The Cotswolds Conservation Board is the organisation that exists to conserve and enhance the AONB. Established in 2004, the board carries out a range of work from securing funding for 'on the ground' conservation projects, to providing a strategic overview of the area for key decision makers, such as planning officials. The board is an independent organisation funded by Natural England and the seventeen local authorities that sit within the AONB.[9]

While the beauty of the Cotswold AONB is intertwined with the villages that seem almost, to grow out of the landscape, the Cotswolds were primarily designated an Area of Outstanding Natural Beauty for the rare limestone grassland habitats as well as the old growth beech woodlands that typify the area. These habitat areas are also the last refuge for many other flora and fauna, with some so endangered that they are protected under the Wildlife and Countryside Act 1981. Cleeve Hill, and its associated commons, is a fine example of a limestone grassland and it is one of the few locations where the Duke of Burgundy butterfly may still be found in abundance.[10]

The uniqueness and value of the Cotswolds is engendered in the many protected designations plastered across it: the "Cotswold Area of Outstanding Natural Beauty" and within it three "National Nature Reserves", more than eighty "Sites of Special Scientific Interest" and five European "Special Areas of Conservation".[11]

The Cotswold Voluntary Wardens Service, now part of the Cotswolds Conservation Board, was established in 1968 to help conserve and enhance the area and now has more than 300 wardens.

The Cotswold Way is a long-distance footpath, approximately 103 miles long, running the length of the hills, mainly on the edge of the Cotswold escarpment with views over the Severn Valley and the Vale of Evesham.[12]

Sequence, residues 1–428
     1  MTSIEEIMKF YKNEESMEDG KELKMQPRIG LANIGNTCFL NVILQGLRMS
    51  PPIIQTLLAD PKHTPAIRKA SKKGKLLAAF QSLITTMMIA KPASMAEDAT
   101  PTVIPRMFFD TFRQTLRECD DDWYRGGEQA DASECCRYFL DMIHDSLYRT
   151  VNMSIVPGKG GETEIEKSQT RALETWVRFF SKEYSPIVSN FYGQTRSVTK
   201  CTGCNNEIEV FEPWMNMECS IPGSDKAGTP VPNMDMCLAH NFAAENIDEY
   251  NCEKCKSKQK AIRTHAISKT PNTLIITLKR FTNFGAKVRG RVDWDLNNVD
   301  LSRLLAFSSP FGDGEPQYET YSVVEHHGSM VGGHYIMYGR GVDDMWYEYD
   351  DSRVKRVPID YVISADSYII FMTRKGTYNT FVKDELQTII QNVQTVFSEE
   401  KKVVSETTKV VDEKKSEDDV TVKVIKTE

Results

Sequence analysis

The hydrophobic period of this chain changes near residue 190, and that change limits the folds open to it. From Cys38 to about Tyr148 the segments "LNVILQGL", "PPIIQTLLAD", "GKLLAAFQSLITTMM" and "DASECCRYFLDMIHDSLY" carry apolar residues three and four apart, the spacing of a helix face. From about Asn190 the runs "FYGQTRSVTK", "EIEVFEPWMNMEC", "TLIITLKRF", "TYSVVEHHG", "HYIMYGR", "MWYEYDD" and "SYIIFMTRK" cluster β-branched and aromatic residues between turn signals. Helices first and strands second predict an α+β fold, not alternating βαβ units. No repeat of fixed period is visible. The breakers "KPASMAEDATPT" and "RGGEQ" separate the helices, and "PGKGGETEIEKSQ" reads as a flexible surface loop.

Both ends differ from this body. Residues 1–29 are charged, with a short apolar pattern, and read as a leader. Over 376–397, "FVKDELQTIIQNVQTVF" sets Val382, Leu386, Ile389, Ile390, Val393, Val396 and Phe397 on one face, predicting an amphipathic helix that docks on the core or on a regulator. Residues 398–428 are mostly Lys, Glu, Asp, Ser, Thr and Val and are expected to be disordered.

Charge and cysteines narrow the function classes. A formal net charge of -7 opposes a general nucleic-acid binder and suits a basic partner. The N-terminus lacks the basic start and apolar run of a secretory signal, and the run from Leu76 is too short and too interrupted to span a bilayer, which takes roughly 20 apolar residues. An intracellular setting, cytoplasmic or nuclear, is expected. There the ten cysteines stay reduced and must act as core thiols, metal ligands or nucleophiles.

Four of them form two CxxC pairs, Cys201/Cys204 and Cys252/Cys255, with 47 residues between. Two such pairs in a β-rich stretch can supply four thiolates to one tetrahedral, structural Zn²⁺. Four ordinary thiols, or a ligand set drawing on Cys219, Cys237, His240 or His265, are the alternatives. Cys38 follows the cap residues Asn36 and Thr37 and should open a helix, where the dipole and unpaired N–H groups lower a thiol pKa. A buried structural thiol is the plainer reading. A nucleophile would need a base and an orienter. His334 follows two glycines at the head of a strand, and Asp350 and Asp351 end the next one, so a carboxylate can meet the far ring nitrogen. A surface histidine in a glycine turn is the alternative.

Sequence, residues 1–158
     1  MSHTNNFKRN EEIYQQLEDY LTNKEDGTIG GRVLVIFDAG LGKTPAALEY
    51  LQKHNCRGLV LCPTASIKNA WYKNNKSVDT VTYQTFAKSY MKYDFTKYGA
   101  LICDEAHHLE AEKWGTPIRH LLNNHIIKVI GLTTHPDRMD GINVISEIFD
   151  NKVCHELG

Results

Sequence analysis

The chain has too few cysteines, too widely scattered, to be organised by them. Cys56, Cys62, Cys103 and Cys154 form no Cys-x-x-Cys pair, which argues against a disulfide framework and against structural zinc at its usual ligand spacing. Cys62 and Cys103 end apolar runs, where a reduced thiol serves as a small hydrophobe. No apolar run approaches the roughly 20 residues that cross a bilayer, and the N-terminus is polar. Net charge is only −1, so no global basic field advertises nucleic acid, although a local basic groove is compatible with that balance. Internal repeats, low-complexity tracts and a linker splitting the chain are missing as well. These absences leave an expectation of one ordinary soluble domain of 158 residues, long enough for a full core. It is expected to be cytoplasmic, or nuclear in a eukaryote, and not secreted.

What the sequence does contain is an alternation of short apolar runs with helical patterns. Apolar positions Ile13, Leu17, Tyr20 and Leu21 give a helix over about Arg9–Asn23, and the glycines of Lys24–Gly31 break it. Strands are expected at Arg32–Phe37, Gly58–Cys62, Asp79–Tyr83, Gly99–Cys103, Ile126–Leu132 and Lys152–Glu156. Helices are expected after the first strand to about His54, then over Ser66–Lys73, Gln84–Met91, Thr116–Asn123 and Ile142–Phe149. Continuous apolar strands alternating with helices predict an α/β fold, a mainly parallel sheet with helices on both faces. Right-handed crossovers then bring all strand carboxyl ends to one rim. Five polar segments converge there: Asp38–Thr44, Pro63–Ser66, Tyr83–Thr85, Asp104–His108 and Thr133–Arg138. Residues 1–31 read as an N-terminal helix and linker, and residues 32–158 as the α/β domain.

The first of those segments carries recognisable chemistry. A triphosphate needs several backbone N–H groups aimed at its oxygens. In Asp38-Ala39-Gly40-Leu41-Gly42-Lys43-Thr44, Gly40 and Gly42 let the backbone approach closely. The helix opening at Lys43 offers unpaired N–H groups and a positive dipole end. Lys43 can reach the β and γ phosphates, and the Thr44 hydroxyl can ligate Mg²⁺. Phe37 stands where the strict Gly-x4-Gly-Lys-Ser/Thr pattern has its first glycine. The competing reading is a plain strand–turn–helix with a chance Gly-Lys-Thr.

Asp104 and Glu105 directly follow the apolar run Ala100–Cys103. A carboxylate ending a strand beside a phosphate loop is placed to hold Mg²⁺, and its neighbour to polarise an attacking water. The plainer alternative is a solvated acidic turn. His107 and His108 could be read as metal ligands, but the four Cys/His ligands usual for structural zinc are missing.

Towns and villages

Bibury, a Cotswold Village

Bath, Cheltenham, Dursley, Gloucester, and Stroud are larger urban centres that border on, or are virtually surrounded by, the Cotswold AONB.

Noteworthy historical structures

The Secret Garden at Sudeley Castle

The Cotswolds in the Media & Culture

The Cotswold region has inspired some of Britain's finest composers. In the early 1900s, Herbert Howells and Ivor Gurney used to go for long walks together over the hills and Gurney urged Howells to make the landscape, including the nearby Malvern Hills, the inspiration for his future work. Accepting, and true to his word, in 1916, Howells wrote his first major piece, the Piano Quartet in A minor, inspired by the magnificent view of the Malverns - it was dedicated to "the hill at Chosen (Churchdown) and Ivor Gurney who knows it".[13] Another contemporary of theirs, Gerald Finzi, lived in nearby Painswick.

Gustav Holst titled his Symphony in F major, Op.8 H47 'The Cotswolds'.

Outside links

("Wikimedia Commons" has material
about Cotswolds)


  1. Kingscote Park - The Kingscote, Gloucestershire area
  2. Charnock, Richard Stephen: ‪Local etymology: a derivative dictionary of geographical names‬ (Houlston and Wright, 1859)
  3. Smith, A. H. 1964 The Place-Names of Gloucestershire, part 1: The Rivers and Road-names, the East Cotswolds, Cambridge, p.2
  4. Smith A. H. 1964 The Place-Names of Gloucestershire part 2: The North and West Cotswolds, Cambridge pp.7-8
  5. 5.0 5.1 "Cotswold Stone". Cotswold Gateway. Retrieved 12 December 2009. 
  6. "History". Court Barn Museum. Retrieved 6 April 2010. 
  7. "Broadway Tower". Cotswold website. Retrieved 12 December 2009. 
  8. "Origins of Robert Dover's Games". Olympick Games. Retrieved 12 December 2009. 
  9. "Cotswolds Conservation Board". Cotswolds AONB. Retrieved 12 December 2009. 
  10. "Natural Areas - 55 Cotswolds". Natural England. Retrieved 6 May 2011. 
  11. "Understanding the Cotswold AONB". Cotswolds Area of Outstanding Natural Beauty. Retrieved 6 May 2011. 
  12. "Cotswold Way — About this trail". National Trail. Retrieved 2007-06-30. 
  13. Long Remembered Hills How the English composers Ivor Gurney and Herbert Howells were influenced by the Gloucestershire countryside.